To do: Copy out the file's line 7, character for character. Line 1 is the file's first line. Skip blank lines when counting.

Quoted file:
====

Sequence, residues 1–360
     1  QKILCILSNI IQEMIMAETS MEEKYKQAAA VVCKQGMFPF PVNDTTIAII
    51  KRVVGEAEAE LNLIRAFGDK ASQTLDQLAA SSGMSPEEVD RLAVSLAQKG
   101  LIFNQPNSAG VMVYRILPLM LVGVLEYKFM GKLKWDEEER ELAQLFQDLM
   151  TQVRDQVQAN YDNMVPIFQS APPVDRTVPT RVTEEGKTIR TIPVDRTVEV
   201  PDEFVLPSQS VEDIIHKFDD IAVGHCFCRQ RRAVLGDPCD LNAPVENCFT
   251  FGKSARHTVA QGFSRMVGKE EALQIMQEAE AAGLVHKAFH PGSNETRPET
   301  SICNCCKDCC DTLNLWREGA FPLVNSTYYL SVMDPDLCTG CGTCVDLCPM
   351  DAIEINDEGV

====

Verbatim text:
   251  FGKSARHTVA QGFSRMVGKE EALQIMQEAE AAGLVHKAFH PGSNETRPET